That's assuming there is no additional cost to maintaining multiple accounts. If your 529 plan charges an annual or quarterly account maintenance fee, check to see if you can avoid the fee by signing up for automatic contributions through payroll deduction or electronic funds transfer)

With a separate 529 plan for each child, it becomes easier for you to tailor the mix of stocks, bonds and stable-principal investments (e.g., stable value, guaranteed principal and money market funds) to the particular ages of your children. When your older child is nearing high school graduation, you may want to ratchet down the level of market risk in her 529 plan. At the same time, you could keep a more-aggressive asset allocation in your younger child's 529 plan, accepting more risk for a potentially higher return. Many 529 plans offer "age-based" investment options that automatically make these adjustments as the beneficiary ages.

Separate accounts for your children also offer more gift-tax leeway. Since your 529 contributions are treated as gifts from you to the account beneficiary, your $15,000 (in 2018) annual gift exclusion will go twice as far with two accounts -- one for each child -- than with just one account.

Financial aid is another reason to recommend maintaining separate accounts. You wouldn't want the investments reserved for your younger child's future college expenses to count against your older child's financial aid eligibility. Be warned: The rules here are rather murky, and the impact of a sibling's 529 account may depend on the college's own policies as well on as the type of aid -- federal or institutional -- being sought.

Finally, I believe that separate 529 accounts allow for better family bookkeeping. There will never be any doubt as to your intention to help send all of your children to college. You'll avoid the uncomfortable position of being asked to explain to a curious 8th-grader why account statements are showing up in the mail with only a brother or sister's name on them. And in the event of your death or divorce, no matter how unlikely, your legal representatives and other family members will have less reason to question your actions in setting up and funding the 529 plans.

Even with separate accounts, you'll continue to have the flexibility to shift the money around in the future. You simply need to make sure that whenever funds are withdrawn from the 529 plan to pay for college they are coming from an account in the name of the child incurring the costs. It's a simple matter to change the beneficiary designation among family members at any time, transfer 529 funds between different family members' accounts or split one 529 account into two. The ability to move assets around the family is a key advantage of 529 plans when comparing other college-savings alternatives, such as Uniform Transfers to Minors Act, or UTMA, accounts.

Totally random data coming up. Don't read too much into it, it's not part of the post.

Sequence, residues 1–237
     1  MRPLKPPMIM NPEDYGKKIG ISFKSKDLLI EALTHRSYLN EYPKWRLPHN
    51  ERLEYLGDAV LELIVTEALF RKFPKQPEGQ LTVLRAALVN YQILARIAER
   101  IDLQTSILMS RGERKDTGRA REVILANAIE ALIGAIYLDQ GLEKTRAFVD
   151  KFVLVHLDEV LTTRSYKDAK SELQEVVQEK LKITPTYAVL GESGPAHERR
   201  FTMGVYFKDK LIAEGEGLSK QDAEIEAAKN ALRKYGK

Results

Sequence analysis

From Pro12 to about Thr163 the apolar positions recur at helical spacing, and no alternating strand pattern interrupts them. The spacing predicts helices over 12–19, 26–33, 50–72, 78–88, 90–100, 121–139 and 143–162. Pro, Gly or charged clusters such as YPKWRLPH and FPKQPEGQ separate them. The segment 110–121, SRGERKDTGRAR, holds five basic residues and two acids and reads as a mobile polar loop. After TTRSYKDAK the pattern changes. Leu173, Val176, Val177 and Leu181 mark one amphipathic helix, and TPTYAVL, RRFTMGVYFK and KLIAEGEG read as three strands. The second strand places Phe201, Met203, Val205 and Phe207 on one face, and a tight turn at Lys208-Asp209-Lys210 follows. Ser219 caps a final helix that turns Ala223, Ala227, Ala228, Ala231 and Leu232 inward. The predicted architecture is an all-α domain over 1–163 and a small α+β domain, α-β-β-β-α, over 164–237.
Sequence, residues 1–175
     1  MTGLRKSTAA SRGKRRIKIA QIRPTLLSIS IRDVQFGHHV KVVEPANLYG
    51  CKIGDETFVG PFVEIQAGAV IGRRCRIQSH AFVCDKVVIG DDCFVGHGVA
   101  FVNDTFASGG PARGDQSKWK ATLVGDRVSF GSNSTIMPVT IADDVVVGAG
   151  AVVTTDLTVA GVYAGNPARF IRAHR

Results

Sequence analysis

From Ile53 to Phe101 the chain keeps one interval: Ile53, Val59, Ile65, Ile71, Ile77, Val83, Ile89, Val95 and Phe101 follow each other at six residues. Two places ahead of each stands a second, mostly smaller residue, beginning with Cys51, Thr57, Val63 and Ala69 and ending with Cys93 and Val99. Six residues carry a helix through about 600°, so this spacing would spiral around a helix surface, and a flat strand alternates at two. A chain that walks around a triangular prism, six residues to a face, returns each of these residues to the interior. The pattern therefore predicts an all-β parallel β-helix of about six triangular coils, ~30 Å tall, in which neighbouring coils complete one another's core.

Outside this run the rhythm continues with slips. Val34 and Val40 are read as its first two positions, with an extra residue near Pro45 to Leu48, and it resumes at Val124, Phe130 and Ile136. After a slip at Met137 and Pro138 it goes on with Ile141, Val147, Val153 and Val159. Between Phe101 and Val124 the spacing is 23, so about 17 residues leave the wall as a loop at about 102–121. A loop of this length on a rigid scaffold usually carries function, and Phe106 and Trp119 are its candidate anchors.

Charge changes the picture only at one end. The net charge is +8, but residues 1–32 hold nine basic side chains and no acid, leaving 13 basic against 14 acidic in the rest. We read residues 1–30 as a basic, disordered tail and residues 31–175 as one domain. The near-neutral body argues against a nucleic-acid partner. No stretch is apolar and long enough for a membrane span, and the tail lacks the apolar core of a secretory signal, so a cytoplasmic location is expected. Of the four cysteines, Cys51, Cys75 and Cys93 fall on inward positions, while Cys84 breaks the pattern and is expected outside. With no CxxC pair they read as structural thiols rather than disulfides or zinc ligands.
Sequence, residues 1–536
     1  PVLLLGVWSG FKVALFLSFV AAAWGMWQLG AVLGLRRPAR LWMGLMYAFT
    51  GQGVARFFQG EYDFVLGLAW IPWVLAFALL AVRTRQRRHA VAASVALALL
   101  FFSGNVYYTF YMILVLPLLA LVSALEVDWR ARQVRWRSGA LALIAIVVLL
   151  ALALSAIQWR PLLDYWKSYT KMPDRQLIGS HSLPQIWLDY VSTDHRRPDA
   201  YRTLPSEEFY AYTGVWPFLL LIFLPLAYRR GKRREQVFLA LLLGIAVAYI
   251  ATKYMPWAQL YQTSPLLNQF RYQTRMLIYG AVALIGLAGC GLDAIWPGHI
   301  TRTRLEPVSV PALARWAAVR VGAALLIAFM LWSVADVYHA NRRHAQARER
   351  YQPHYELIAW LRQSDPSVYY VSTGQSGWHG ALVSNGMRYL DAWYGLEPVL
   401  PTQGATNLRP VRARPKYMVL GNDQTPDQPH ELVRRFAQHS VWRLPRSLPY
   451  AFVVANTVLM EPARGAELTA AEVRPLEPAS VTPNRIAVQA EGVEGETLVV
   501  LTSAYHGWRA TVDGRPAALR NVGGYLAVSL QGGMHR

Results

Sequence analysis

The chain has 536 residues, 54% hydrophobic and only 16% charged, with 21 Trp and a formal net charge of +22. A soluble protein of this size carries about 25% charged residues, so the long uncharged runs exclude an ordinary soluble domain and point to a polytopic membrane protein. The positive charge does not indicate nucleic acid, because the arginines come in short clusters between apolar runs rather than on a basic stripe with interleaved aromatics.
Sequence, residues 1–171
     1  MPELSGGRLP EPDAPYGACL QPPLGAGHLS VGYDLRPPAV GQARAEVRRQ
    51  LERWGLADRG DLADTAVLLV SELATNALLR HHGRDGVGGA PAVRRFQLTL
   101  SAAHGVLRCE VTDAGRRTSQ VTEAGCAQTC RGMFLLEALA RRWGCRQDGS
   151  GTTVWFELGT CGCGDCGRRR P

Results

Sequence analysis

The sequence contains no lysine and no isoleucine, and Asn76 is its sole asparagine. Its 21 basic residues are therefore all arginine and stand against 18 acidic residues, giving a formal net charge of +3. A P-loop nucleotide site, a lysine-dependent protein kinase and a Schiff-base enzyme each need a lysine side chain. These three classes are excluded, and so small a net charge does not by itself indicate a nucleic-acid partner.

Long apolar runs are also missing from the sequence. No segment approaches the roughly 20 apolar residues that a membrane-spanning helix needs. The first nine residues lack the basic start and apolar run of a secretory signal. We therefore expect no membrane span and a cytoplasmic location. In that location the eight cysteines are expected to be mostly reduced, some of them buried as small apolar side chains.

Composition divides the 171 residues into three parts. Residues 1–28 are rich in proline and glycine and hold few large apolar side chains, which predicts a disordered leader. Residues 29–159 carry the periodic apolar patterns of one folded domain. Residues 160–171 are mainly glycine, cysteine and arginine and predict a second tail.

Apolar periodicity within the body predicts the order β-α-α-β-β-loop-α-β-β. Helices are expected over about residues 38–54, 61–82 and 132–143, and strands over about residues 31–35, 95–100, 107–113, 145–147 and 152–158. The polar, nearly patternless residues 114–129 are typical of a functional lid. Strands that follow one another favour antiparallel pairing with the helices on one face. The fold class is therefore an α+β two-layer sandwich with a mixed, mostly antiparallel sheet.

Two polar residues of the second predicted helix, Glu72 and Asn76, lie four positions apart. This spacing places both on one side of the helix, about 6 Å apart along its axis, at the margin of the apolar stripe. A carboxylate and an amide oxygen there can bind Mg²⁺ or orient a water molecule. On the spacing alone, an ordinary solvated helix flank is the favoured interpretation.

Original Post: 2005-10-13
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Coverdell ESA vs. 529 Plan: Which to choose? (Script)

The Coverdell ESA and the 529 plan are both excellent college savings vehicles because they are both tax-free when used for college. But many families face a choice: do they use a 529 plan for all of their child's college savings, or do they use a Coverdell for the maximum amount of $2,000 each year and put any any extra savings above $2,000 into a 529 plan? In spite of its low annual contribution cap, Coverdell's are now attracting quite a few families. There are two major reasons for that. One is that only the Coverdell allows you to self-direct your investments, just like you might self-direct the investments in your IRA. The other is that in addition to college expenses, Coverdells can be withdrawn tax-free to pay for a broad range of K-12 expenses, while 529 plans are limited to K-12 tuition. This feature is appreciated most in families planning to send their children to private grade schools, which may include additional costs such as room and board or uniforms. A 529 plan, on the other hand, does not impose age limits or income limits like the Coverdell does and so overall we see a lot more money going into 529 plans than into Coverdells. Plus many savers are happy with the investment choices offered by the 529 plans and don't necessarily want to self-direct their investments. And don’t forget this: your state may be giving you a state tax deduction for using a 529 plan, but there are no states offering a state tax deduction for investing with a Coverdell ESA.

Learn more about Coverdell ESAs.

Original post date 2013-07-15
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Top 529 Plan Withdrawal Tips. (Script)

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Top 529 Plan Withdrawal Tips. (Video)